This aspect may further include repeating the above for a plurality of consecutive watermark bits and a plurality of consecutive blocks, wherein the second block is used as a new first block, and a third consecutive block is used as a new second block. This aspect may also include setting the first difference to a predetermined value according to the watermark bit further includes forcing the first difference to a first level if the watermark bit is a one, and forcing the first difference to a second level if the watermark bit is a zero. In this aspect, the first level may be a binary even level and the second level may be a binary odd level. Setting the first difference to a binary even level may further include adding a quantization level to the corresponding first coefficient if the first difference is odd, and wherein setting the first difference to a binary odd level further includes adding a quantization level to the corresponding first coefficient if the first difference is even.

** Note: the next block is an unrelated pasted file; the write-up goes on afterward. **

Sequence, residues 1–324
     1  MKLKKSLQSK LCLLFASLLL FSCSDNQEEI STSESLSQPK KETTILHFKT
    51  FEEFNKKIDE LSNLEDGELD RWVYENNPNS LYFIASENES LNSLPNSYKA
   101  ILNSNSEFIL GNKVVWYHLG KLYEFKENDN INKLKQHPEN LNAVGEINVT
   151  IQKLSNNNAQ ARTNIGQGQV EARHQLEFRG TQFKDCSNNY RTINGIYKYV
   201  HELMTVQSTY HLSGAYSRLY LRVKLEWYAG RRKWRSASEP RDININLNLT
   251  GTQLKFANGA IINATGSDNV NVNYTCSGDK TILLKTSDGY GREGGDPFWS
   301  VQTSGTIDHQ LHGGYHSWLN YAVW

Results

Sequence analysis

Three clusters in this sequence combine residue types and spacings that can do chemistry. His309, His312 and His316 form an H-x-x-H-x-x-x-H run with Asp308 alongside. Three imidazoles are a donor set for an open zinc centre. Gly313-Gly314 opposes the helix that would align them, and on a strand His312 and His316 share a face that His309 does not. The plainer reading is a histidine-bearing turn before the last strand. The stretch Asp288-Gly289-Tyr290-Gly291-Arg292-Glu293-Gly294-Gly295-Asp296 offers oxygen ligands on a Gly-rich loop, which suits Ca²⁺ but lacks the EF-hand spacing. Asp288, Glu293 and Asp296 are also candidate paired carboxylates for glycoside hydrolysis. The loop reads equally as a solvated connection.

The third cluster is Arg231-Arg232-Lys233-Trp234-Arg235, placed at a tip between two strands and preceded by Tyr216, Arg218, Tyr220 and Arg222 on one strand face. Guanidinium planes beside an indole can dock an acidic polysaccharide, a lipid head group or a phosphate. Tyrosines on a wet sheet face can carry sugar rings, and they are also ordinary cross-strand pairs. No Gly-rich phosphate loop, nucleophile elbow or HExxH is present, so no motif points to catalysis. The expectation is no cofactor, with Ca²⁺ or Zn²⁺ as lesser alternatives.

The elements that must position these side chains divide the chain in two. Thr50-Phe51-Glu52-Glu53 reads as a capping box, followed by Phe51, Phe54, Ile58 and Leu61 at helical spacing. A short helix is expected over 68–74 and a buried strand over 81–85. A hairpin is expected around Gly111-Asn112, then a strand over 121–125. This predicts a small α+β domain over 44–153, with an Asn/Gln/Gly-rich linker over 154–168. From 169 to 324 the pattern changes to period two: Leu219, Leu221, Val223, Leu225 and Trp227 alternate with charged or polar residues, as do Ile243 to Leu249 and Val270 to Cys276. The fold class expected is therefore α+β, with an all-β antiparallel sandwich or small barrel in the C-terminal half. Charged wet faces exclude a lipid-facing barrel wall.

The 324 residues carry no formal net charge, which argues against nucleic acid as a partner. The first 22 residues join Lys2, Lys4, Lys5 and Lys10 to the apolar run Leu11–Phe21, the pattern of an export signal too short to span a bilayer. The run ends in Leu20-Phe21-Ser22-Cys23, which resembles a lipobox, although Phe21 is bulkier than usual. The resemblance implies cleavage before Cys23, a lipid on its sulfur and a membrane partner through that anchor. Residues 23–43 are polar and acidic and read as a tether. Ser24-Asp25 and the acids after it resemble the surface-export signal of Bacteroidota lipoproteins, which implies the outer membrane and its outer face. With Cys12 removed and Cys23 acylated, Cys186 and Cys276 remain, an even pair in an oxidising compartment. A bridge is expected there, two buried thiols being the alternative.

This aspect may further include: providing a second watermark bit; and setting a second difference to a predetermined value according to the second watermark bit, the second difference being a difference between a second coefficient of the first block and a corresponding second coefficient of the second block. The plurality of consecutive watermark bits may include an encrypted watermark. The digital media stream may include a Motion Picture Expert Group video stream, the first coefficient being a DC coefficient. The digital media stream may include a Motion Picture Expert Group video stream, the first coefficient being an AC coefficient.